“Geeks are… someone whose love for something is so passionate that it’s sort of coming out of them, and there’s no regard to it being cool or not,” Aaron Abrams, who plays forensics expert Brian Zeller on Hannibal, told us at a recent press conference at Dragon Con 2015 in Atlanta. Hannibal is one of those shows which bridges geek culture and mainstream television, proving that it’s not only science fiction and fantasy series that appeal to hardcore fans. So why is it, we wondered, that Hannibal was able to garner such a rabid fanbase?
“[Hannibal has] dialed everything up to eleven,” Abrams explains. “It’s something about Bryan,” he continued, referring to showrunner, Bryan Fuller. “He’s not entirely mainstream but there’s mainstream pop culture all throughout his work. And so it’s this Venn diagram sort of crossroads that is a perfect equation for people… There’s sort of old-fashioned horror, and there’s this high-brow artistic horror involved with Hannibal.”
Abrams credits Fuller with making that crucial connection to the fans that kept viewers engaged in his show.
“He’s just kind of a genius, a mad genius,” Abrams says of Fuller. “That’s what comes across in his work. I think that’s probably what reaches fans, and he’s the best at dealing with fans.” Fans love Fuller’s passion, and even now they cry out for their beloved show to be picked up by Hulu or Netflix, which has been known to resurrect shows in the past.
The Hannibal fandom has always been especially vocal on Twitter even as viewership numbers foundered. “I was never a big Twitter guy,” admits Abrams, “And then I saw what Bryan was doing, how he was connecting to fans and how important it was to support that fanbase back and have an actual interaction with them so that they feel involved, and they are involved with the show! I mean he listens to them, and he certainly takes what they say into consideration.”
Abrams remembers being impressed with how far NBC was willing to push the censorship envelope. “The first scene I ever shot for Hannibal, I showed up, first season… and I had my face a lady’s pubes,” Abrams recalls. “It was her when she was like on the antlers, and I was like, ‘Okay so how do you want me to do this where I’m not gonna be involved with any nudity?’ And they’re like, ‘No, no, just put your face in her pubes. Just put your face right down in there.’” Hear Abrams tell this humorous story in the exclusive Den of Geek video shown here.
“So yeah, the show never pulled any punches in that regard,” Abrams remembers fondly. “And NBC, God bless ‘em, never did anything either. The only note I think we got that whole first season was about the angel people. They didn’t want the ass crack. They saw a bit of ass crack, and they’re like, ‘No, can you CGI some blood from their opened up backs into the ass crack to cover that up?’”
The boundaries would be pushed to the limit on this show, which was filled with graphic violence and darkness. “Violence was never a problem,” Abrams argued. “I think partially because it was so operatic and gorgeous violence. That plus everybody was affected by the violence on the show… there’s nothing casual about it. Will was having a nervous breakdown every time he had to look at that stuff, as a person would. So he was showing some sort of real effects of that violence.”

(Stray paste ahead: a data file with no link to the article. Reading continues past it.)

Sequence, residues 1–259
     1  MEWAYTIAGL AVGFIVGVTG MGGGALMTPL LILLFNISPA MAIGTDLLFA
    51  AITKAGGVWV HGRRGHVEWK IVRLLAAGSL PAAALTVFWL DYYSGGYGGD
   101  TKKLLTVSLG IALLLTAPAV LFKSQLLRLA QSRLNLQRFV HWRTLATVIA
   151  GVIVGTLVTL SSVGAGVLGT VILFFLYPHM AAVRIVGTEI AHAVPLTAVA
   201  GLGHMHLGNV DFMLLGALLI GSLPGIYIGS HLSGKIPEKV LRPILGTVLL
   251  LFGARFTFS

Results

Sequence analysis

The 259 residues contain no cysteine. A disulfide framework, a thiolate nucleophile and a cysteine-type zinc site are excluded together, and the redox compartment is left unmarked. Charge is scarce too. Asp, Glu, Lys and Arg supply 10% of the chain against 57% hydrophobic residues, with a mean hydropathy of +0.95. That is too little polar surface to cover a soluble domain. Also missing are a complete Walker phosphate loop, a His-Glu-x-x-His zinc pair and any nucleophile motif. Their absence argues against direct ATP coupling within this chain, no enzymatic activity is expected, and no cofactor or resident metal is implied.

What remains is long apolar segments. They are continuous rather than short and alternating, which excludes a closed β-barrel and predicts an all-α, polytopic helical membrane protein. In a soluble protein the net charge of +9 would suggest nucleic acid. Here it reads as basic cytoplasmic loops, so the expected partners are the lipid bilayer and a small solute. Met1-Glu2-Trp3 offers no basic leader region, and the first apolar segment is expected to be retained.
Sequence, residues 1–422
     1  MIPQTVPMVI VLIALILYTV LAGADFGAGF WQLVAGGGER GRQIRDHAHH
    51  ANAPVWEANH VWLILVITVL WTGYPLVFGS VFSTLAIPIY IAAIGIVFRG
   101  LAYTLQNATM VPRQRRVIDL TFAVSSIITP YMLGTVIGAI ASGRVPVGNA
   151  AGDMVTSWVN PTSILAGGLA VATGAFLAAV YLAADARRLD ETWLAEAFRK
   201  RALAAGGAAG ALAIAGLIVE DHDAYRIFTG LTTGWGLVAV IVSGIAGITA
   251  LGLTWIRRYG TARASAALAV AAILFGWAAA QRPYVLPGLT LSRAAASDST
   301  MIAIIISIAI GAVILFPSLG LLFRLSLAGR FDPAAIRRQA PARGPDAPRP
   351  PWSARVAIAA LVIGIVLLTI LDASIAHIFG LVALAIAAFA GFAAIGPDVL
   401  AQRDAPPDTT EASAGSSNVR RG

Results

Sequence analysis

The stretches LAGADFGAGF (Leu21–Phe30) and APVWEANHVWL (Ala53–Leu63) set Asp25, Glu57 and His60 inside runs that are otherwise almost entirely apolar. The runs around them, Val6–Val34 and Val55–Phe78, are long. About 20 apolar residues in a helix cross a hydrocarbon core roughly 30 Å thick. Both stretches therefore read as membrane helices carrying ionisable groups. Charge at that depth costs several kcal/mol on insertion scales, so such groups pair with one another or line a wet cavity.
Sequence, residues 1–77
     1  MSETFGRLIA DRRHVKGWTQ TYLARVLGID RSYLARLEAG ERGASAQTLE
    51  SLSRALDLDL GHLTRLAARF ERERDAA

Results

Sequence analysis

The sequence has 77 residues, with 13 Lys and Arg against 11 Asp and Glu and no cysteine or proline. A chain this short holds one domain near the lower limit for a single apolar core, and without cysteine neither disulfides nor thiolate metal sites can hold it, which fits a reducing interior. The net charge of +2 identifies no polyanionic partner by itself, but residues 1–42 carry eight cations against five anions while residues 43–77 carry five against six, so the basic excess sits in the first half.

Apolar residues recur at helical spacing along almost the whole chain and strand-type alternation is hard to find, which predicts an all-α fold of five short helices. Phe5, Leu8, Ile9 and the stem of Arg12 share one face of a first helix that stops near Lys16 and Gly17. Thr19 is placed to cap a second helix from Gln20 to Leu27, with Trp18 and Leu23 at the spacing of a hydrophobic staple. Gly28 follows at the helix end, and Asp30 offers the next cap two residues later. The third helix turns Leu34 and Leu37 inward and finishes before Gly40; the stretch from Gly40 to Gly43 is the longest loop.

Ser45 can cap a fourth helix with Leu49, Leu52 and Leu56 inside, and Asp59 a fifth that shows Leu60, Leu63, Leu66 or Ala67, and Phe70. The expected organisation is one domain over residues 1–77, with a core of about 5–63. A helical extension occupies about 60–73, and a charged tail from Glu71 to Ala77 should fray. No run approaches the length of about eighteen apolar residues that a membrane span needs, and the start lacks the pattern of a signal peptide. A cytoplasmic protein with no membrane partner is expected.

Abrams was as amazed as audiences were that Hannibal was able to create its own version of the now legendary Anthony Hopkins portrayal of Dr. Lecter, the role played by Mads Mikkelsen on the show. “I thought it was so impossible,” said Abrams. “And you know Mads is so great but I don’t think he gets quite enough credit for basically playing this iconic role that’s associated with one guy who did it one way and for him to come along and be like, ‘Yeah, I’m not gonna make you miss that guy, but I’m gonna do a totally different thing…’ I mean that’s crazy to me.”
All of the characters have quite a bit of growth during the three seasons Hannibal was on the air. Abrams’ character of Zeller wasn’t always a fan of Will, the show’s protagonist, but by the end of the series, the co-workers had reinforced their relationships into something more solid. “There’s a lot of respect. I mean, I think at the beginning [Zeller] was so disrespectful… he had a guy who was sweating and twitching in the corner and we’re supposed to trust his hunches whereas previously I was probably the smartest guy in the room.”
Abrams remembered a particular turning point for his character. “There’s an apology scene, and I think that’s extremely genuine… when he comes back after he’s not a murderer, I’m the first guy to be like, ‘Yeah, whatever he says! He’s the greatest! This guy is the greatest!’ Even Jack [played by Laurence Fishburne] is more skeptical of Will once he comes back than I am.”
Zeller didn’t appear as much in the third and final season of Hannibal, but Abrams still appreciated what Fuller accomplished. “The first three episodes are very ethereal and poetic… I kind of feel like that’s the ideal vision for Bryan… I mean he wanted to do a show that was as out there as possible and those first six or seven are pretty out there, and they’re very serialized, and they’re just going deep into those books and the back story of those characters.”
In the end, Abrams marveled at the show he was a part of. “The whole show should be impossible – the fact that it worked at all. I mean, Bryan created such a world that works great. It’s so thoroughly imaginable.” Whether Hannibal lives on only in the minds of its devoted fans or on a new network can similarly be relegated only to the imagination.